2 About the data Sources The source of participation rate data, the monthly Labour Force Survey (LFS), identifies persons in or out of the labour force during a selected week each month. In other words, the survey collects a series of independent snapshots. This means that observed declines in male participation rates could be due to the intermittent participation of 55 to 64 year-olds rather than to their permanent departure from the labour force. However, data from the Survey of Consumer Finances (SCF), conducted in April of each year as a supplement to the monthly LFS, capture a relatively stable percentage of those not in the labour force, because they reflect labour force activity over the previous year. These data can be used to show that the declines of the past several decades largely reflect moves to earlier retirement rather than to more intermittent participation. The SCF data used in this paper were collected in April 1994, but data However, the available data do show a considerable income disparity between those working and those not. The 1993 median 3 income from all sources was $17,300 for retired men aged 55 to 64, versus $38,500 for their counterparts who were employed full year 4 full time a ratio of 45 cents on the dollar (Table 1). Three in ten retired men aged 55 to 64 had incomes under $10,000 (including those with no income), compared with only 5% of men working full year full time. Just 30% of retired men in this age group had incomes of $25,000 or more, as opposed to 77% of employed men. In higher income brackets, the contrast is even more striking: only 5% of retired men reported 1993 incomes of $45,000 or more versus 38% of men working full year full time. on income and weeks of labour force activity relate to the 1993 calendar year. Definition The term retirement means different things to different people. For example, a person may officially retire from one job, draw an employer-sponsored pension and take another job, either to fill in the time or to make extra money. Another person may lose his job, without obtaining a pension, and never work or look for work again perhaps because he has lost hope of finding another job. A third person may reduce his hours of work from full-time to part-time. Yet each may consider himself retired. For analytical purposes, a firm measure of retirement is required. To be considered retired in this study, a man aged 55 to 64 must have been out of the labour force, that is, neither employed nor unemployed, 2 both in the month of the survey (April 1994) and throughout the preceding calendar year (1993). Government transfers helpful Overall, 90% of retired men aged 55 to 64 with income in 1993 received at least some of it from government sources (Table 2). Not only did the likelihood of receiving such payments rise as income levels dropped, but the reliance on government transfers also grew considerably. For example, men with incomes between $1 and $9,999 in 1993 obtained 87% of it from government programs, compared with 17% for men with incomes of $25,000 or more. Although government-administered plans accounted for a much greater proportion of the total income of the poorest group, the median amount received by retirees in the middle income group was greater: $9,400 for those with incomes between $10,000 and $24,999, versus $6,800 for those with incomes between $1 and $9,999. The median value was lowest for recipients in the top income range. Reliance on different types of government income varied with total income level. For men with incomes between $1 and $9,999, 38% of government benefits were from the Canada and Quebec Pension Plan (see The Canada and Table 1 Income distribution of retired and employed men aged 55 to 64, 1993 Employed full year Retired * full time ** 000 % 000 % All men With no income With total income: $1 to 9, $10,000 to 24, $25,000 and over $45,000 and over Median income ($) 17,300 38,500 * See About the data. ** Mainly full time for 40 to 52 weeks in Mainly self-employed individuals reporting losses. Calculations are based on men reporting income. Statistics Canada - Catalogue E Winter 1995 PERSPECTIVES / 31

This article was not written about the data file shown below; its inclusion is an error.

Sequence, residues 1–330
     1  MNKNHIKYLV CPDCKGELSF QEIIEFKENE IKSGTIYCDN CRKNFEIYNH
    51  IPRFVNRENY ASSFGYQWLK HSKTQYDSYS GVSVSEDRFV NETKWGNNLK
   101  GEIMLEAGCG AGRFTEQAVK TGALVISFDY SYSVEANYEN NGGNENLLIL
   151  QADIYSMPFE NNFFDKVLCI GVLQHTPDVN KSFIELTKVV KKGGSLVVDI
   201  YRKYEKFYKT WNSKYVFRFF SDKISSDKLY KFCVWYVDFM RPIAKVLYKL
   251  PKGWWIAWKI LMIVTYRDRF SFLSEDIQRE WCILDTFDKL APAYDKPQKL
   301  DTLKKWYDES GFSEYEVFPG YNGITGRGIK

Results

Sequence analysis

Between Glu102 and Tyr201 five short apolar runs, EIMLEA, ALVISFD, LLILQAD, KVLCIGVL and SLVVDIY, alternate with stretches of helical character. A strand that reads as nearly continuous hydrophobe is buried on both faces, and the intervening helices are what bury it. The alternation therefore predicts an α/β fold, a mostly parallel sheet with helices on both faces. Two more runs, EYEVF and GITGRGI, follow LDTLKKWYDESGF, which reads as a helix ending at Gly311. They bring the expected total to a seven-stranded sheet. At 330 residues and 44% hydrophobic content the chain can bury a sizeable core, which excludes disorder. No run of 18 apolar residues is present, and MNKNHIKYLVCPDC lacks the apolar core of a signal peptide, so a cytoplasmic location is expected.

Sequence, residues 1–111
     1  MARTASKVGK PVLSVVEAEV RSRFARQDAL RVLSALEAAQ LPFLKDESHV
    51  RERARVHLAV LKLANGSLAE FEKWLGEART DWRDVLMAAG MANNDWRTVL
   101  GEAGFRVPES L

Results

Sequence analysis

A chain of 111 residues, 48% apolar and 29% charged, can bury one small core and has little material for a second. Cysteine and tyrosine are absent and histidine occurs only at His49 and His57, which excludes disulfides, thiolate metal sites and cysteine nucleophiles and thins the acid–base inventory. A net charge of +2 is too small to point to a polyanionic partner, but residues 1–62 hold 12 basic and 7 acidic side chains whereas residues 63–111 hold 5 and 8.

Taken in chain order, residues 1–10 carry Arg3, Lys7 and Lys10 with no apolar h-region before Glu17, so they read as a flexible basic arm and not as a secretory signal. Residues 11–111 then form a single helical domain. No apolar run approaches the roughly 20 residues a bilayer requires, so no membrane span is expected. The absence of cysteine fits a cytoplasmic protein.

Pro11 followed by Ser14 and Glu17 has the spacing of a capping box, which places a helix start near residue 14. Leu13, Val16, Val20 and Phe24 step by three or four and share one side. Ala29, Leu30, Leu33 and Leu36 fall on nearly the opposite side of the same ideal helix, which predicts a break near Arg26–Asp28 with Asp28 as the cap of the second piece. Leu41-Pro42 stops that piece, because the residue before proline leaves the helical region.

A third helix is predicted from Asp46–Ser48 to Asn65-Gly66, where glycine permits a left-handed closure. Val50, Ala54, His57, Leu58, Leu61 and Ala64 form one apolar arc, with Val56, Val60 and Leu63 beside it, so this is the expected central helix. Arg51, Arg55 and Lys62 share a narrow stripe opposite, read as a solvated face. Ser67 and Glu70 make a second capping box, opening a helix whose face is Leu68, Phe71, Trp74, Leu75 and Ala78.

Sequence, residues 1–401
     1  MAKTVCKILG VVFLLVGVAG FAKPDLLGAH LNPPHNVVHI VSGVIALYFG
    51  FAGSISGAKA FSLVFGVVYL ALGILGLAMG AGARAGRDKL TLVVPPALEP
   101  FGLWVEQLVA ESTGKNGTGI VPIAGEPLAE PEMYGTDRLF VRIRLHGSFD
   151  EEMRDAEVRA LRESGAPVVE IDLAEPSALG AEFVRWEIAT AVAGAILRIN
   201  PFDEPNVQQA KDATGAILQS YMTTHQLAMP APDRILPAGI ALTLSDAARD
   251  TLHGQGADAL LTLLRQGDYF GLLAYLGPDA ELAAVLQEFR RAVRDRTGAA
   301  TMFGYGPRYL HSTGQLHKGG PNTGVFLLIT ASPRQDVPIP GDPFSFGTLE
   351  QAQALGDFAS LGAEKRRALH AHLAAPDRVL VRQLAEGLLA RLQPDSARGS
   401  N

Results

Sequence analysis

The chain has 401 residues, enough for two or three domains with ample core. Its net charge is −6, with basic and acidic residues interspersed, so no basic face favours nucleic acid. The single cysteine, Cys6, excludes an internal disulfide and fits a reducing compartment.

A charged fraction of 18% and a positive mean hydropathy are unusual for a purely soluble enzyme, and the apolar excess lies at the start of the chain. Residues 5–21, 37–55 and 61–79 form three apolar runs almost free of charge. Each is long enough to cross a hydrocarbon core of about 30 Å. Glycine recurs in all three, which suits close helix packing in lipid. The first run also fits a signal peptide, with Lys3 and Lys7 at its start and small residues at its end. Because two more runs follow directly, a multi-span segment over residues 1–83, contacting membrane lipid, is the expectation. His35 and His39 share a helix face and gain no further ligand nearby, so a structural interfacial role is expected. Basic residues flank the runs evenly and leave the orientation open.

3 Quebec Pension Plan); the corresponding proportions for men with incomes between $10,000 and $24,999, and $25,000 or more, were 47% and 62%. Men with lower incomes relied more on sources such as Workers Compensation and welfare. Their relatively light reliance on C/QPP benefits may reflect lower entitlements, which are based on employment earnings and years of pension contributions. Private income usually needed for the good life No matter how one defines being well off, substantial private income is usually a requirement. Almost half of early retirees total 1993 income came from private pensions. An additional 16% was obtained from investments and other private sources (Chart B). As expected, however, the amounts and proportions of revenue from private sources varied according to income group. 6 Some 86% of men in the $25,000-and-over bracket received private pensions from a former employer, with a median benefit of $25,600. In contrast, just over half the men in the middle income range ($10,000 to $24,999) reported this type of income, with a median pension of $11,200. Low income retirees seldom had private pensions (only 8% of those with incomes between $1 and $9,999), and when they did, the amounts were small (Table 2). Investment income was earned by 68% of retirees in the highest income group but by only 24% of those in the lowest group. The median investment income (among men who reported such income) was somewhat higher for the former group ($2,100 versus $1,100). Family situation also makes a difference Although 3 in 10 men retiring before age 65 had total incomes The Canada and Quebec Pension Plan (C/QPP) The C/QPP is funded by contributions from both employers and employees. Pension benefits, which are indexed to inflation, vary according to the contributory history of an eligible recipient and the age at which that person starts to draw benefits. The maximum benefit available in 1993 was $8, Prior to 1987 (1984 in Quebec), persons without disabilities had to be 65 to qualify. Now they may draw benefits as early as age 60, although the amount is reduced by 6% for each year short of 65 (for a maximum reduction of 30%). When these changes were introduced, many eligible people applied for benefits (Frenken, 1991). Although people need not be out of under $10,000 in 1993 (including those with no income), many shared living expenses with other family members. 7 To better evaluate their financial well-being, this study uses family-based low income cutoffs (LICOs), a measure that takes the labour force to draw benefits (some employment income is permitted), the simultaneous drop in the labour force participation rate of men aged 60 to 64 and the surge in early applications for C/QPP benefits are likely related. Persons with disabilities, regardless of age, may also qualify for benefits under the plan. Those under 65 do not suffer a penalty, although many receive less than the maximum entitlement because of an intermittent or brief work history. Currently, about 36% of men aged 55 to 64 collecting from the CPP are drawing disability benefits (Health and Welfare Canada, 1993). into account factors such as family size and place of residence. 8 Overall, 73% of families with retired men aged 55 to 64 (246,000 of 339,000) had family incomes above the LICO in 1993 (Table 3). 9 Table 2 Income sources of retired men aged 55 to 64, 1993 Total income $1 to $10,000 $25,000 Total 9,999 to 24,999 and over All retired men with income ( 000) * Total income ($ billion) Median income ($) 17,300 7,200 16,800 33,400 With government income ( 000) % of retired men with income % of total income Median government income ($) ** 7,100 6,800 9,400 5,700 With private pension ( 000) % of retired men with income % of total income Median pension ($) ** 17,600 2,400 11,200 25,600 With investment income ( 000) % of retired men with income % of total income Median investment income ($) ** 1,900 1,100 2,000 2,100 * The number of retired men with income exceeds the sum of retired men with government, private pension and/or investment income because many men have more than one type of income. ** Calculations are based on men reporting this type of income. 32 / Winter 1995 PERSPECTIVES Statistics Canada - Catalogue E